Nicolas Maduro, Venezuela’s interim president, is the ruling PSUV party’s candidate in the April 14 vote called after the death of late president Hugo Chavez.
Maduro vowed at his swearing-in ceremony at the National Assembly in Caracas to follow the example set by his late predecessor.
The former trade unionist, who Chavez named as his preferred successor in December, made the pledge in his inaugural speech on March 8.
The country’s opposition have criticised Maduro’s appointment, arguing that under the constitution Diosdado Cabello, the speaker of the National Assembly, should take over as leader.
The minister of foreign affairs since 2006, Maduro was born in the Venezuelan capital and educated at a public high school.
Maduro became politically active as a teenager when he joined the Socialist League and travelled to Cuba for training in union organising.
He did not attend university and joined the union for workers in the Caracas metro system upon his return home, rising through the ranks.
“Maduro has a very strong ideological orientation, close to the communist ideology,” Professor Ramon Pinango, a sociologist from the Venezuelan University of IESA, told Al Jazeera. “Contrary to Diosdado, he is not very pragmatic.”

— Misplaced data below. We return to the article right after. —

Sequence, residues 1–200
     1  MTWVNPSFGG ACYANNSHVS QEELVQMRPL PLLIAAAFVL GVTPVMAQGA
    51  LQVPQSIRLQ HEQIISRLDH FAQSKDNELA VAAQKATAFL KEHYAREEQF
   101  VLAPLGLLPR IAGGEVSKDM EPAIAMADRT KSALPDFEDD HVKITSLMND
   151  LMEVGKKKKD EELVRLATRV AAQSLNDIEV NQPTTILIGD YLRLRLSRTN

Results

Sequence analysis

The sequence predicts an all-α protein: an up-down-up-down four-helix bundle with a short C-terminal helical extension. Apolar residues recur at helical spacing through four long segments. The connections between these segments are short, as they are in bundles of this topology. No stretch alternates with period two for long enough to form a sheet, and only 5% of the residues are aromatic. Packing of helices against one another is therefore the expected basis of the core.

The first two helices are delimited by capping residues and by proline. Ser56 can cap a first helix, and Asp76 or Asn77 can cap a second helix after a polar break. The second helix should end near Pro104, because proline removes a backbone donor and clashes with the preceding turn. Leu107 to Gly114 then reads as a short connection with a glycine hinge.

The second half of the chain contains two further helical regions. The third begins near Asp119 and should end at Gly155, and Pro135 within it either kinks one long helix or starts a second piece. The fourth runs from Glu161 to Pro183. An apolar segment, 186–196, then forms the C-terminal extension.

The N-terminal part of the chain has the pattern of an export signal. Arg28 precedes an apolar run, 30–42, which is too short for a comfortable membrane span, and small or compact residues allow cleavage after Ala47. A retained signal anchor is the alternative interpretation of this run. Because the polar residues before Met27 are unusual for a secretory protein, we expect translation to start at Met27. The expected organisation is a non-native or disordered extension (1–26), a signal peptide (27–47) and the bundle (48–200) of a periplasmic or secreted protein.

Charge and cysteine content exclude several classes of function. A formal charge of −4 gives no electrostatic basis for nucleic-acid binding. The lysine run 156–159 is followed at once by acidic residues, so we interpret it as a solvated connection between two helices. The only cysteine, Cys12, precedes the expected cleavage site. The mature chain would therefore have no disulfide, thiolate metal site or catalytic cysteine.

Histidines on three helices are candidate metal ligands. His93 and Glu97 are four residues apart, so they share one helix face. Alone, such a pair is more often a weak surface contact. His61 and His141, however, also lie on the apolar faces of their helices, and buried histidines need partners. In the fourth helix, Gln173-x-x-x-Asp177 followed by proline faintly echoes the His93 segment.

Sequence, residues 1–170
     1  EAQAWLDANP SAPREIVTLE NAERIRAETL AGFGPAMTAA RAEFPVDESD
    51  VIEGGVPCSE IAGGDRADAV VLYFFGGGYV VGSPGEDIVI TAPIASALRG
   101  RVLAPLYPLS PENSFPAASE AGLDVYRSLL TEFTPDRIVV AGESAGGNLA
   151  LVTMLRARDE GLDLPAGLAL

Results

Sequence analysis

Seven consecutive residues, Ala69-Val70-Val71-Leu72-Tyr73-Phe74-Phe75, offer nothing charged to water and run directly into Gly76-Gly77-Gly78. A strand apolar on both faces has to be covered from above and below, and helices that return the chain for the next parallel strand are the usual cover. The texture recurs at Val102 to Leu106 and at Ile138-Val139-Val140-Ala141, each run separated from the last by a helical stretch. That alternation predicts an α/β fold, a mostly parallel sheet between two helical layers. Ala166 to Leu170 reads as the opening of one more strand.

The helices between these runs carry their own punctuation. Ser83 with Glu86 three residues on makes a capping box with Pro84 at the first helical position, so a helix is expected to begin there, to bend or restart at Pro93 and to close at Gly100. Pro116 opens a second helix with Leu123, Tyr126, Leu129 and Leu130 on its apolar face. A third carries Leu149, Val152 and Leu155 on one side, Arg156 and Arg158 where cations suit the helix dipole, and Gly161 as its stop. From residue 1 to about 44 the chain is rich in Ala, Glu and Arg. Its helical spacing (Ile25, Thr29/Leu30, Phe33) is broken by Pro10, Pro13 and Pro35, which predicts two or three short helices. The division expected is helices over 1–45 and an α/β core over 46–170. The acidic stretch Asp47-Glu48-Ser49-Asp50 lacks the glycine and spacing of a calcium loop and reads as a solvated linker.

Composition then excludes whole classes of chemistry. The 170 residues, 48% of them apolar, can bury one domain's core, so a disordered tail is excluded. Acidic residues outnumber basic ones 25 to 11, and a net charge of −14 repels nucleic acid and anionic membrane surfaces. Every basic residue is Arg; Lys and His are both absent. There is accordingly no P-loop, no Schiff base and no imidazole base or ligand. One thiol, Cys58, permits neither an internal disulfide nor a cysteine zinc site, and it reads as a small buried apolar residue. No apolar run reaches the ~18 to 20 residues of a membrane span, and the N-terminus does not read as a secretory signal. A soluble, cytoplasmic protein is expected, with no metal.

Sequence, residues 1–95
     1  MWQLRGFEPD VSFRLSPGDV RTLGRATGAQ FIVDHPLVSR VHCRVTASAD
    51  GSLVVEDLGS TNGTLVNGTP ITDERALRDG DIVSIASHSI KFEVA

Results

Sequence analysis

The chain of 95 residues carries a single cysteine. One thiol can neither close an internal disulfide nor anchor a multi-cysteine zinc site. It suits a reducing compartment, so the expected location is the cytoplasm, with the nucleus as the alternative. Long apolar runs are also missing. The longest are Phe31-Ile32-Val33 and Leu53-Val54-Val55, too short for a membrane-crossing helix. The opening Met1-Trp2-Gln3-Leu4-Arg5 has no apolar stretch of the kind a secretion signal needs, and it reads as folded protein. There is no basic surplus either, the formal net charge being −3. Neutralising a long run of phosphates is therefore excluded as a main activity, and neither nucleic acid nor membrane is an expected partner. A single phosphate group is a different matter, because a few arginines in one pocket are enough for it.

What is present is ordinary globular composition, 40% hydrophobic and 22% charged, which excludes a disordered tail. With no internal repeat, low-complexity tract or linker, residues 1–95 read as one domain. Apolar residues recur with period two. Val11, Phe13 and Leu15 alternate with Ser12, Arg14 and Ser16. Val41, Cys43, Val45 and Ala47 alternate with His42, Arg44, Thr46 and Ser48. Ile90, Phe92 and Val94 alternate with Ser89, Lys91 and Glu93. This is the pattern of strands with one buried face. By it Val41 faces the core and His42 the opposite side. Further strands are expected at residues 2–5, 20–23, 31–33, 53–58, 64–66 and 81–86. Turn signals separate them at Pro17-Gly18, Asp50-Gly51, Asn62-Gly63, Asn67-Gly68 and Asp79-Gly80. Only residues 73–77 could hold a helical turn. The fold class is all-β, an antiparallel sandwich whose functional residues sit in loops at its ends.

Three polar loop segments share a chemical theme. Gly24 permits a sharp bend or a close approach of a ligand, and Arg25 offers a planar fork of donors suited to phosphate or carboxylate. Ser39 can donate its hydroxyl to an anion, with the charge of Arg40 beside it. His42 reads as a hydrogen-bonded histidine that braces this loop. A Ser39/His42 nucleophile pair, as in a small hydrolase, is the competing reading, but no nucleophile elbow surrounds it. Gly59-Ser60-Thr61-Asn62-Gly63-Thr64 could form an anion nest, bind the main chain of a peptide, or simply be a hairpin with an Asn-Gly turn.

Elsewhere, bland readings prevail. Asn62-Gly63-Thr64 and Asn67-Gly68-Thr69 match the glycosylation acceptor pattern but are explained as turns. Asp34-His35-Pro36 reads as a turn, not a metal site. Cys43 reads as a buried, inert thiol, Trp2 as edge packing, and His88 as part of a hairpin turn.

‘Closer to the Cubans’
Maduro was first elected to office in 1998 and quickly became one of Chavez’s most loyal associates.
As foreign minister he is considered partially responsible for spearheading the creation of the Bolivarian Alliance for the Americas, with other left-leaning Latin American governments, and expanding ties between Venezuela, Russia and China.
Maduro was among the few aides to be seen at Chavez’s side during the late president’s visits to Cuba for treatment for cancer.
He was named vice-president in October 2012, with Chavez declaring him his preferred successor two months later, following the recurrence of the president’s cancer.
Inside the PSUV, the ruling socialist party, Maduro is seen to be “closer to the Cubans and the Castro brothers” than Cabello, Ysrael Camero, professor and political analyst at the Central University of Venezuela, told Al Jazeera.
“He represents the civilian sector inside the political party,” notes Camero, as opposed to Cabello – who is said to have more support from the military.